On August 10, 2022, President Biden signed the bipartisan PACT Act into law, authorizing one of the largest expansions of VA health care and benefits in U.S. history.  Before the PACT Act’s passage, many Veterans’ claims for healthcare services and other benefits were denied by VA because Veteran claimants had difficulty proving a connection between their ailment and their service. The PACT Act is intended to remove barriers to Veterans getting care, expanding the number of Veterans who are eligible for care and streamlining the process for proving a service connection for certain conditions related to toxic exposure.

The PACT Act will bring the following changes:

  • Expands and extends eligibility for VA health care for Veterans with toxic exposures and Veterans of the Vietnam, Gulf War, and post-9/11 eras
  • Adds more than 20 new presumptive conditions for burn pits and other toxic exposures
  • Adds more presumptive-exposure locations for Agent Orange and radiation
  • Requires VA to provide a toxic exposure screening to every Veteran enrolled in VA health care
  • Helps VA improve research, staff education, and treatment related to toxic exposures

AI/AN Veterans

There is an urgent need to ensure that all AI/AN Veterans have access to the benefits they earned through their service.  According to a 2020 VA Report, AI/AN Veterans served in the Pre-9/11 period at a higher percentage than other Veteran populations.  Despite a distinguished record of service, VA’s statistics also show that AI/AN Veterans were more likely to be unemployed, were more likely to lack health insurance, and were more likely to have a service-connected disability when compared to Veterans of other races.  In addition, in Fiscal Year 2017, AI/AN Veterans used Veterans Benefits Administration benefits or services at a lower percentage than veterans of other races.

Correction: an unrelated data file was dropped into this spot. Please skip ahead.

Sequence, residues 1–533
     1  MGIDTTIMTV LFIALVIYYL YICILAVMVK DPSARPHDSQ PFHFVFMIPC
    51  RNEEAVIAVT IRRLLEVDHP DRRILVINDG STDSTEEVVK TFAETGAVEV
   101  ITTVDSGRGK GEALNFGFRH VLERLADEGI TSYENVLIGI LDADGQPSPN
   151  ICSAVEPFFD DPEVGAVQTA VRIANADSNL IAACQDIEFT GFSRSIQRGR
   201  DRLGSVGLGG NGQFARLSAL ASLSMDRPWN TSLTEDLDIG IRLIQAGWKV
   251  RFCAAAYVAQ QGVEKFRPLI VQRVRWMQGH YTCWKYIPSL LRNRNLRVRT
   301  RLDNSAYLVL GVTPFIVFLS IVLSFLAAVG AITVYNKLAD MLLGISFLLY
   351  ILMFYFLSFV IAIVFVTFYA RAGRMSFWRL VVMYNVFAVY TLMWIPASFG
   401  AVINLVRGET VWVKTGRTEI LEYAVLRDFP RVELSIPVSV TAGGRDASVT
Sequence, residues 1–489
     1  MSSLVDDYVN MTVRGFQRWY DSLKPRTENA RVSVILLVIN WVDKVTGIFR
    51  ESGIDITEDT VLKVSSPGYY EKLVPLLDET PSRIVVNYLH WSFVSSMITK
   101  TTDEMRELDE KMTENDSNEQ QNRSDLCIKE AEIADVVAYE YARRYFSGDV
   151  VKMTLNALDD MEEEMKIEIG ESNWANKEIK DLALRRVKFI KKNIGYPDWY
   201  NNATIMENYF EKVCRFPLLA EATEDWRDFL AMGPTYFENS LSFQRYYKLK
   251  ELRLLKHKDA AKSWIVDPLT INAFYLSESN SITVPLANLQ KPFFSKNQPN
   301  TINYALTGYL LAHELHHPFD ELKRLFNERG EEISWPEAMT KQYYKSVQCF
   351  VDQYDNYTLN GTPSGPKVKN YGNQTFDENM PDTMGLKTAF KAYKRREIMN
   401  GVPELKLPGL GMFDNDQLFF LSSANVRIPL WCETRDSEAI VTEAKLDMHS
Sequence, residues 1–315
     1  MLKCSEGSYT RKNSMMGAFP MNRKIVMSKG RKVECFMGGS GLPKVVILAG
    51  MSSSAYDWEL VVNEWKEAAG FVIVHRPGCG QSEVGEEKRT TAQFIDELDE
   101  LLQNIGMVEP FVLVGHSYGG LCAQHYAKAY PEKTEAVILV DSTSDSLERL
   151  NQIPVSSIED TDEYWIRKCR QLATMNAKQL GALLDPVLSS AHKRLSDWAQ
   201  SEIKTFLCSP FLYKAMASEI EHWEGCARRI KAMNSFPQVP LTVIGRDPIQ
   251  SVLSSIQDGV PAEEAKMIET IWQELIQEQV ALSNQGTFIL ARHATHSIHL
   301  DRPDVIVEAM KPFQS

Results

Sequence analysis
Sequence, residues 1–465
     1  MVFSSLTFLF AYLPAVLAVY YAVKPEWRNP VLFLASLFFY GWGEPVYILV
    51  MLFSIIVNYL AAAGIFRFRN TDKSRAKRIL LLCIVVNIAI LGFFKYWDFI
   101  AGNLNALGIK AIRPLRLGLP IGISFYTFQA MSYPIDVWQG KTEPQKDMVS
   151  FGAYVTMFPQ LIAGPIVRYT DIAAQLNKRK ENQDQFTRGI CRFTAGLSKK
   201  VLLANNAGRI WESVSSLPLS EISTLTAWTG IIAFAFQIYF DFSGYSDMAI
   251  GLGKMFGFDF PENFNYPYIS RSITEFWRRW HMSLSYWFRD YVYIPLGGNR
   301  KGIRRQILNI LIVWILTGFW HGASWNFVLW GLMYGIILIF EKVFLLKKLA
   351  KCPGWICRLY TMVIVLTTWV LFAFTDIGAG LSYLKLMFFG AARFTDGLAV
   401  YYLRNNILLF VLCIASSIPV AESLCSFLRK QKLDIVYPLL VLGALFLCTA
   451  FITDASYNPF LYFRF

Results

NCUIH and the VA

The National Council of Urban Indian Health (NCUIH) has continued to advocate on behalf of AI/AN veterans living in urban areas and to strengthen its partnership with VA. Thanks to NCUIH’s work with VA, urban Indian organizations (UIOs) are now eligible to enter the VA Indian Health Service/Tribal Health Program (THP)/UIO Reimbursement Agreements Program, which provides VA reimbursement to IHS, THP, and UIO health facilities for services provided to eligible AI/AN Veterans. In October 2021, Sonya Tetnowski, President of NCUIH and CEO of the Indian Health Center of Santa Clara Valley, Army Veteran, and member of the Makah Tribe was appointed to the VA’s first-ever Advisory Committee on Tribal and Indian Affairs to represent the voice of urban Indians.

NCUIH Submits Comments to VA on Tribal Representation Expansion Project